Book 1: Shades of Gray – Katelina’s “friend-with-benefits” is murdered for stealing something from a coven of vampires. Hunted as an accomplice, she must rely on Jorick to survive. But what happens when her knight in shining armor turns out to be one of the monsters?

Book 2: Legacy of Ghosts – For Katelina and Jorick, peace is hard to come by. Kateesha plans to fight the same battle as Jorick’s fledgling, but a common enemy isn’t enough to overcome previous betrayals. Drawn into a deathly conflict, Jorick and Katelina must overcome old regrets, or lose their future to the ghosts of their past.

Book 3: Ties of Blood – A trip to Katelina’s home starts a chain reaction; she and Jorick meet Verchiel, a too friendly vampire, then the police arrest Jorick for kidnapping. Worse, The Guild wants to question them. Will Malick, the head of the vampires, punish them? Or will the mysterious vampire following them do the job first?

Book 4: Ashes of Deceit – Katelina and Jorick must rescue a captured vampire and discover who kidnapped him and why. The truth isn’t easy to find. As Oren’s attack on the Guild draws closer, Jorick and Katelina are led back to the Citadel. When the flames of war ignite, can they rise from the ashes, or will they be consumed?

Follow the tour for more chances to win!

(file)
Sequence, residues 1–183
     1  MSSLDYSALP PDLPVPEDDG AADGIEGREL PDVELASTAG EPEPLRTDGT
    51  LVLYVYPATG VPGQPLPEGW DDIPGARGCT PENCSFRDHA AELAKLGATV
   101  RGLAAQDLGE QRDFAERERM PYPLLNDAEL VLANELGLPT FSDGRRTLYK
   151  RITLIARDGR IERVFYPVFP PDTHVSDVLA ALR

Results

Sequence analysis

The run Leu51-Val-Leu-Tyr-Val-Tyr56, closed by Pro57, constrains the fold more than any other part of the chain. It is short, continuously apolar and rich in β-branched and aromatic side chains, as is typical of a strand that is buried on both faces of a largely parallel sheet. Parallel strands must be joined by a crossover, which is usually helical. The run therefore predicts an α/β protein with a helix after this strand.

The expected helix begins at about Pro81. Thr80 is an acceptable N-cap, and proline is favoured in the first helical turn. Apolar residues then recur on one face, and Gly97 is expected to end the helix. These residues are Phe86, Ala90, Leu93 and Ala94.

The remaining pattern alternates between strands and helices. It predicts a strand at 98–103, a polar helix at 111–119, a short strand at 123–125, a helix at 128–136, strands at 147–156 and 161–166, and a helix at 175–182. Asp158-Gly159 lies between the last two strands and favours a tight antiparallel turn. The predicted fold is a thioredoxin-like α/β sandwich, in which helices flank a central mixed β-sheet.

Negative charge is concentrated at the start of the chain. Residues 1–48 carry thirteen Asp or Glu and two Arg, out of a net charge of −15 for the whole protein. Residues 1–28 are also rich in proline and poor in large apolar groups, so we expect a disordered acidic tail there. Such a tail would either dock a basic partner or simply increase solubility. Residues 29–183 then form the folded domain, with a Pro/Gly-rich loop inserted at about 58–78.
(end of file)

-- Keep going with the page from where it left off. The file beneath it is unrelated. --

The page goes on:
(here’s the link to my blog post with the dates/links to other posts – )

You can find more of Joleene Naylor and her vampires at her website: or check out her blog at or her facebook page at

Who Art Thou Thursday: Joleen Naylor

Today, we get a little insight on what goes on in the mind of Joleene Naylor.

Tell us about your most recent publication.

Legacy of Ghosts is the second book in the Amaranthine vampire series and picks up where Shades of Gray left off. Katelina and Jorick, her vampire boyfriend, plan to get some rest and recover from all the fighting and bloodshed they’ve endured, but it isn’t long before trouble finds them. Plagued by conflicts both at home (Just what *is* behind the locked door Jorick keeps disappearing into?) and from outside (Oren’s cryptic warning that the vampiress Kateesha is after them), will they ever get a chance to sort out their relationship and get some peace?

Give us a brief description of a story you have hidden in your skeleton closet? And will it ever see the light of day?

My “skeleton closet” book is Wednesday’s Child, which I wrote when I was 17/18. It’s a long, miserable story about a girl who runs away from home with a “bad boy” and gets into lots of trouble. I posted it on my MySpace blog a couple years ago, but I never intend to seriously publish it. It needs too much work and frankly it has too many “true” parts hidden in it.

How much of you/your life do you put into your stories?